What does “A Cranio Journey” mean? Many things to our family. It means accepting there is something unexpected going on, that there was a chance we may never hold our baby again, putting all our trust into a surgical team, and letting go of any control. My oldest cub (Nate Bear) was born with a condition known as craniosynostosis.
What is that condition? Well, in basic terms, he was born with one of his soft spots closed, and his one suture fused. The below video explains it clearly.
This was noticed fairly early with Nate Bear. He was just shy of 7 weeks old. Pictures were taken and a referral was sent to SickKids in Toronto. We were seen quickly. My heart dropped, as I held my beautiful 4 month old, being told he would need surgery, to allow proper brain growth.
The next 4 months were a whirlwind of appointments, and emotions. Many ups and downs. Seeing my Nate Bear grow, and hit every developmental milestone. I questioned, often, whether this surgery was necessary. I knew it my heart it was. Even though he wasn’t showing pain, the intercranial pressure was building up. There was blood work, CT scan, forcing a baby to take iron drops, tears, stress, and many appointments. Then the day finally arrived. July 7th.
It was a Thursday. We had to arrive at 6:30am, to hand our six month old baby over to a surgical team. The surgery was being performed by both a craniofacial surgeon, and a neurosurgeon. Nate Bear smiled and laughed, when the craniofacial surgeon and nurses, took him away.
We sat, and waited. Waited for what felt like forever. 4 hours, of watching the status screen, the neurosurgeon came out. He told us the pressure was more than anticipated, and they had to change plans mid-surgery. But that all was going well. Then, we waited some more, and some more.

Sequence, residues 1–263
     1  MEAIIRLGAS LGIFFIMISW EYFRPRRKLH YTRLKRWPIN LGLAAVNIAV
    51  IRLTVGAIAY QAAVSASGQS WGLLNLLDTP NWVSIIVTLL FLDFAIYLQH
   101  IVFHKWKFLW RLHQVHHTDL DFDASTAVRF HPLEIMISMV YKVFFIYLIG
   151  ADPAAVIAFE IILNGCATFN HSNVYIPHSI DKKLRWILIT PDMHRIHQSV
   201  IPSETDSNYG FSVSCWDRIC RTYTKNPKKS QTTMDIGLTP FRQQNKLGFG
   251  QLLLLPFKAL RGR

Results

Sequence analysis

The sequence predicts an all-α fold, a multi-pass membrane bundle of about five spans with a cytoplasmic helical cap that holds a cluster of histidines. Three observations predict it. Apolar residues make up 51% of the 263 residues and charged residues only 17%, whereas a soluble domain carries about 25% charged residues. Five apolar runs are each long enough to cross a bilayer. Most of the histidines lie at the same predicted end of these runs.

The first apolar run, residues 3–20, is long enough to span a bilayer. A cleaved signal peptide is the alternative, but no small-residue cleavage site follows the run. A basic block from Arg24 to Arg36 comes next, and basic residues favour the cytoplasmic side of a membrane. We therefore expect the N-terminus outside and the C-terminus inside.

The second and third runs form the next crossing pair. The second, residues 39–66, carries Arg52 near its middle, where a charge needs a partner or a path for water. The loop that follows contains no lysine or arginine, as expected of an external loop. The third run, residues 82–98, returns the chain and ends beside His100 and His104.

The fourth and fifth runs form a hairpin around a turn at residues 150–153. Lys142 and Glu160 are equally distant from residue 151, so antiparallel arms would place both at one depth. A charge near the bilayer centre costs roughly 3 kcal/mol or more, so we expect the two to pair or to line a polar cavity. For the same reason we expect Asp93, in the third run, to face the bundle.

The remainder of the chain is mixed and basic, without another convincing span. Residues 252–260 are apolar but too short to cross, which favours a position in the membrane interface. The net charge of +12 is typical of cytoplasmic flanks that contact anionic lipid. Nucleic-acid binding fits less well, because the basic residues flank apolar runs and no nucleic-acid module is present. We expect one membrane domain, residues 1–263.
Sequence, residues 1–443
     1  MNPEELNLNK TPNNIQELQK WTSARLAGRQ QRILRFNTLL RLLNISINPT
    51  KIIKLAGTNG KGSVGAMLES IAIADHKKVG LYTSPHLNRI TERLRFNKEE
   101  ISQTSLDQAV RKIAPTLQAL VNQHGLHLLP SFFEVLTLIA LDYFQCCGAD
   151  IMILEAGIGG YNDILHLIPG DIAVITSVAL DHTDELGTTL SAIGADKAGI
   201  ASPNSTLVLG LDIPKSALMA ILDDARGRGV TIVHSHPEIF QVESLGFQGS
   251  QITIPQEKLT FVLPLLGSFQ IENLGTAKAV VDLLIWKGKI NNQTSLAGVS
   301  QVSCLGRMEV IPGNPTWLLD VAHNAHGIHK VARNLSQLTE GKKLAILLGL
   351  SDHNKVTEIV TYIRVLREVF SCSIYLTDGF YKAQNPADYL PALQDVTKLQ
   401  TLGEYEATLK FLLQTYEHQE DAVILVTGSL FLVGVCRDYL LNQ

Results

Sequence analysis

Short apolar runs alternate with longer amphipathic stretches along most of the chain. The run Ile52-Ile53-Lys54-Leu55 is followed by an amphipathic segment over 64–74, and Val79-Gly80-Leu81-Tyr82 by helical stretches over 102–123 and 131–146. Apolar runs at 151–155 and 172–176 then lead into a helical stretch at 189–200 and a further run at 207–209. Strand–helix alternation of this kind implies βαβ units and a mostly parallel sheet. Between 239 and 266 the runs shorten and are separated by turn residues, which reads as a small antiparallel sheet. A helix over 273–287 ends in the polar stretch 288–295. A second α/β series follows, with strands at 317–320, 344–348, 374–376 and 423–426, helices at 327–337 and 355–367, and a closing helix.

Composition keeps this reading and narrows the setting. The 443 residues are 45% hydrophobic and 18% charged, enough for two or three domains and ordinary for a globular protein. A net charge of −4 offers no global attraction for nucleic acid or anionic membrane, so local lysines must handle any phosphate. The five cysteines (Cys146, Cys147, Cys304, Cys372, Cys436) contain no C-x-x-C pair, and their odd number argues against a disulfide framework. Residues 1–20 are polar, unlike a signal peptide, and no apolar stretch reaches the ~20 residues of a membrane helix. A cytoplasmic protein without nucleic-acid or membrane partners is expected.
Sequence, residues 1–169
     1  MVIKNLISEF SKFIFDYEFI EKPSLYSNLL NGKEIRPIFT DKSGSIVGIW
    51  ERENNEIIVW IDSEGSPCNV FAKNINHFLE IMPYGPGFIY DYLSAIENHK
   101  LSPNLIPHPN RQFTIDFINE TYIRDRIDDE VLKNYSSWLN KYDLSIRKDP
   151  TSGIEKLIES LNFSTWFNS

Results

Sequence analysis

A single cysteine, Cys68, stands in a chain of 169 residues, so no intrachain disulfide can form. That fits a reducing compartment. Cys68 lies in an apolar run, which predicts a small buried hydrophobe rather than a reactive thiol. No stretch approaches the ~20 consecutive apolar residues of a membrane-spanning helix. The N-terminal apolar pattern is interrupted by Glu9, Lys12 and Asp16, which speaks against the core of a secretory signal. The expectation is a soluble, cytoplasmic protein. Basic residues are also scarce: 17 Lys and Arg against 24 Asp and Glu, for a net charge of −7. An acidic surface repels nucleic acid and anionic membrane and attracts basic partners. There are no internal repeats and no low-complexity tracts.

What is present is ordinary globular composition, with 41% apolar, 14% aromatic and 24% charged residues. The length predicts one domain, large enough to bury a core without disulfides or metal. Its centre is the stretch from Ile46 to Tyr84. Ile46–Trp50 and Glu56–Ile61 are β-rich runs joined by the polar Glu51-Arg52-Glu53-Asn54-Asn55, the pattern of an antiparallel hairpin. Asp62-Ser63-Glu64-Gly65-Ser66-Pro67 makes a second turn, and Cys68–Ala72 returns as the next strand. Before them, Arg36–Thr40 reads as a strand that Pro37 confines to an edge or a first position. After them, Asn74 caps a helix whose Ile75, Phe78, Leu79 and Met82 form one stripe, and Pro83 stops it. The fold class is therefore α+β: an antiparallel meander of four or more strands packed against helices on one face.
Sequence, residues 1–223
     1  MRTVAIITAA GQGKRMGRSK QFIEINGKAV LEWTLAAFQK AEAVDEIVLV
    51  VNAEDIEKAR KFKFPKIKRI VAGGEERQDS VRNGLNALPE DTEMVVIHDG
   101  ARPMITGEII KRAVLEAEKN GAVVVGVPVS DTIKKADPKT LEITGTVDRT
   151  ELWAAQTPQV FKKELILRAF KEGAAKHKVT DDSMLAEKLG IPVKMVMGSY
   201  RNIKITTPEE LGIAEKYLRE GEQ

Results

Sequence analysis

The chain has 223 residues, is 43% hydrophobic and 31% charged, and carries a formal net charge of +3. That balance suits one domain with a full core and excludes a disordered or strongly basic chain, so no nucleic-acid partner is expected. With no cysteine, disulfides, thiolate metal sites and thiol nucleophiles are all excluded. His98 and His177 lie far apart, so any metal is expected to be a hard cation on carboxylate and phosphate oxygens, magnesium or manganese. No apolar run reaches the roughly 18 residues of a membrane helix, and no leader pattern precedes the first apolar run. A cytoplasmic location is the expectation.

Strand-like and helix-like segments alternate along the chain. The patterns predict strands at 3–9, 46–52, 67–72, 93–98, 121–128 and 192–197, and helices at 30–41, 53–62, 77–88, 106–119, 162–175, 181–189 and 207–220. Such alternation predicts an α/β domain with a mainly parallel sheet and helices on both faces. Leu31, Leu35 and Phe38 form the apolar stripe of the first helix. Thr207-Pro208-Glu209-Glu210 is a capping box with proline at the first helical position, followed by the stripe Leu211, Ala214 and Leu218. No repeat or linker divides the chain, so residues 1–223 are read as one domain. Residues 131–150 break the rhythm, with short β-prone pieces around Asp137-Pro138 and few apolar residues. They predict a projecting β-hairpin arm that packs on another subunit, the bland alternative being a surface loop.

Our family waited, in the cafeteria, by the front entrance. Constantly waiting for updates. Then Donny & Marie Osmond showed up. Turned out they were visiting SickKids, that day. Of course, my mom and Aunt were all over getting pictures. It helped take everyone’s minds off, the what if.
Finally, after another 4 hours had passed, both surgeons came out. Nate Bear had done great, and was on his way to the PICU.
We spent the night in the PICU, and Nate Bear’s bleeding hadn’t stopped. My heart dropped when they told me, that if his bleeding didn’t stop, after this next transfusion, we would need to do exploratory surgery. We prayed even harder. The bleeding stopped, and we were moved from the PICU to a regular room. I still hadn’t been allowed to hold my baby. The pain of seeing your baby, in pain, but not get to comfort him.
After a couple bumps in the road, we were finally able to go home, after seven days. 3 days longer than we had been told. But we were finally on the other side!
We are now 9 years later. My beautiful baby boy continues to amaze me, every day. He is a strong and resilient child. And very determined. Which is probably why, the only thing left as a reminder, are his scars. But we call them his Warrior Badges. He is a Cranio Warrior after all.
So, for any parents facing craniosynostosis, or any other medical conditions, know these babies are strong, are warriors, and are brave. Also, know there are parents offering support, advice, and just an ear. Just search on Facebook, and find a group. Also, visit Cranio Care Bears for more info, success stories, prayer chains, and even success stories! Summer and Shelby have provided us cranio parents with an amazing resource.